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Book review: Fracking Pennsylvania: Fracking With Disaster by Walter M. Brasch, Greeley and Stone Publishers, LLC, Carmichael, CA; 2013; 274 pages, $14.95
As an anti-fracking activist, one of the most important things I've learned in this work is how necessary it is for us to be connected and know about each other's work, experiences and information. Walter Brasch has made a valuable contribution to that effort. If I were teaching a course on environmental ethics, Brasch’s books would be on the reading list.
Industry supporters who are derisive toward those of us who raise concerns about the safety of fracking will often repeat lines such as, "Bring your facts to the table. Stop fear-mongering. Base your arguments on scientific facts." Thanks to Brasch, we can do just that. His book is replete with facts, figures, dates and exact quotes (all meticulously footednoted) from industry and government officials on fracking. It is all woven together in a cohesive way that takes the reader through the complexities of issues surrounding shale gas drilling. If you are not alarmed and fearful while reading Brasch's book, you are not sufficiently engaging its content.
After a primer on fracking, its origins, the availability of natural gas, the realities and dangers of underground storage, and the current bans and moratoria in place on fracking, Part One covers the historical, political and economic issues of shale gas drilling. This includes an exhaustive scavenger hunt down the money trails between the industry and politicians at the federal and state levels. Brasch devotes many pages to explaining Act 13, the industry-favoring law that attempts to trump local jurisdictions and put gag orders on the medical and health care field while doing little to protect public health and environmental integrity.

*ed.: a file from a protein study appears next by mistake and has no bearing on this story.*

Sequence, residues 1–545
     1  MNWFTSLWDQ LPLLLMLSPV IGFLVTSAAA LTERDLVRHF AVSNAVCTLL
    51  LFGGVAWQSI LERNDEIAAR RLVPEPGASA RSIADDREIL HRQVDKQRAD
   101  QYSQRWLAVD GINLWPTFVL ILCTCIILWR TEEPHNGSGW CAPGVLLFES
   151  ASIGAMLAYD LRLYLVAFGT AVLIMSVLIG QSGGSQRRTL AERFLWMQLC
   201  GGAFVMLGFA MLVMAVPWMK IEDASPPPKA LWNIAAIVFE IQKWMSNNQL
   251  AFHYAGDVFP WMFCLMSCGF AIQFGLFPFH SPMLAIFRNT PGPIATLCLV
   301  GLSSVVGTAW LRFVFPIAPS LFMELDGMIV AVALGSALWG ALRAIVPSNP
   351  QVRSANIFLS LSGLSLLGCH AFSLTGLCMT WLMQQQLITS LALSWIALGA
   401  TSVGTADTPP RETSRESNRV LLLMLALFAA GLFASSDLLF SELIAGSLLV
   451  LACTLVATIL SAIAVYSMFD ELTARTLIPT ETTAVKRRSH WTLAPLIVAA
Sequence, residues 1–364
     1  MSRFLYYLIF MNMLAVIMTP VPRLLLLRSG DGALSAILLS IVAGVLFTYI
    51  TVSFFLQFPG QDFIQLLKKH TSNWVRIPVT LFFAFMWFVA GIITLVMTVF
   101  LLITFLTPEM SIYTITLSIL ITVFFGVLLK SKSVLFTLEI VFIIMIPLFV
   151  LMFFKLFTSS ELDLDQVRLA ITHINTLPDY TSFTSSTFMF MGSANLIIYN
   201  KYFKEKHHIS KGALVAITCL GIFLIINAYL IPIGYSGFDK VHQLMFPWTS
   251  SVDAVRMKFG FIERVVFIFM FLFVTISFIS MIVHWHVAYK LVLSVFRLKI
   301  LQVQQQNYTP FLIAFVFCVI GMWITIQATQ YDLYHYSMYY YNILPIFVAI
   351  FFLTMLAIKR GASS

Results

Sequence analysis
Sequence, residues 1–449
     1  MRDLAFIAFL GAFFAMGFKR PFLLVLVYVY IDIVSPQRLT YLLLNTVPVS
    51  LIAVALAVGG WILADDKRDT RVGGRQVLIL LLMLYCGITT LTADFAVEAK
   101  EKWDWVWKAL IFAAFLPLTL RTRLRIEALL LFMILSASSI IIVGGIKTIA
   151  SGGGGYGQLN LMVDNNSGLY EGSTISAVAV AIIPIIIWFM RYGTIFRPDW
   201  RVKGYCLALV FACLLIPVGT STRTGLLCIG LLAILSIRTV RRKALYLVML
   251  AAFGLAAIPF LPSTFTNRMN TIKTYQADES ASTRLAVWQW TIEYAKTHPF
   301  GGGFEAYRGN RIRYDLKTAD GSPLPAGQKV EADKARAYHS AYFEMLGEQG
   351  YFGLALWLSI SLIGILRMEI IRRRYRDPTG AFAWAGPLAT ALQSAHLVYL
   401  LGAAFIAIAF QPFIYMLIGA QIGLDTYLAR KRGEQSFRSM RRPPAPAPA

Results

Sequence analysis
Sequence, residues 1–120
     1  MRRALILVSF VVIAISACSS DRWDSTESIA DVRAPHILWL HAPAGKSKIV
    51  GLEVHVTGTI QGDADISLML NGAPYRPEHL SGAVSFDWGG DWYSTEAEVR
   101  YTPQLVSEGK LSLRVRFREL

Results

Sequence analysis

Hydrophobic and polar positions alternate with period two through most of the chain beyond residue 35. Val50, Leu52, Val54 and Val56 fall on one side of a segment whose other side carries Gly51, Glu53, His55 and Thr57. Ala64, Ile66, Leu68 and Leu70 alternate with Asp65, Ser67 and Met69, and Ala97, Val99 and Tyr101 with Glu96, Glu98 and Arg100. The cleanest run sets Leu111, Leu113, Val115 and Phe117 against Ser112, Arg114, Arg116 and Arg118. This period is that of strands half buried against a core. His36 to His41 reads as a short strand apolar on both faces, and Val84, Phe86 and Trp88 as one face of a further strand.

The fact that lawmakers exempted the affluent suburbs in PA from gas drilling demonstrates just how disingenuous they are when it comes to sacrificing rural areas while protecting themselves from the dangers of drilling. Chapter Four, The Economics of Fracking, investigates and debunks the much-touted claims about job-creation and the lure of easy money and weighs them against the costs of forced pooling, losing land rights through eminent domain, and real estate and insurance risks.
Part One concludes with the saga of Riverdale, the mobile home park of 32 families who were forcibly evicted to make room for Aqua America’s water-withdrawal plant to sell water from the Susquehanna River to the fracking industry. As an active participant in that drama, I believe Brasch has done an excellent job of collecting interviews, researching the myriad details surrounding the case, and preserving for history the effort to protect homes, families and the surrounding ecosystem from fracking. While the effort is only a memory, it changed all of us involved in the six-month crisis, and I am grateful Brasch has recorded it so thoroughly in this volume.